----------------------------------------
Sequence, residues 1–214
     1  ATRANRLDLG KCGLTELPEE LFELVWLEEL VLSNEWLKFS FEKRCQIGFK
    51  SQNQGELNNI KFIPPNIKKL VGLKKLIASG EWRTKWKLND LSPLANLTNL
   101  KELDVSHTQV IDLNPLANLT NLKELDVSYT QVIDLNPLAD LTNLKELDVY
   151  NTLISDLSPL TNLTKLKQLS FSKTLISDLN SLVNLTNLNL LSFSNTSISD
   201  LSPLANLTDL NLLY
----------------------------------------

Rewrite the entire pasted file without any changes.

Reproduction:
Sequence, residues 1–214
     1  ATRANRLDLG KCGLTELPEE LFELVWLEEL VLSNEWLKFS FEKRCQIGFK
    51  SQNQGELNNI KFIPPNIKKL VGLKKLIASG EWRTKWKLND LSPLANLTNL
   101  KELDVSHTQV IDLNPLANLT NLKELDVSYT QVIDLNPLAD LTNLKELDVY
   151  NTLISDLSPL TNLTKLKQLS FSKTLISDLN SLVNLTNLNL LSFSNTSISD
   201  LSPLANLTDL NLLY